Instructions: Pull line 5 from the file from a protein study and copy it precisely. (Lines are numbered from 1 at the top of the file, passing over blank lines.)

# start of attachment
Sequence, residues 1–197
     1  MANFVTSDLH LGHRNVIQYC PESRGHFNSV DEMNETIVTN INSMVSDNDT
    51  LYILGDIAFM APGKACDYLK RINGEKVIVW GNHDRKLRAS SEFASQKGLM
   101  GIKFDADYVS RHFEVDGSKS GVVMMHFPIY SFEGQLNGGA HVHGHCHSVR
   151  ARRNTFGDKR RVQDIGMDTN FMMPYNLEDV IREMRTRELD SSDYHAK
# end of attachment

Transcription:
   151  ARRNTFGDKR RVQDIGMDTN FMMPYNLEDV IREMRTRELD SSDYHAK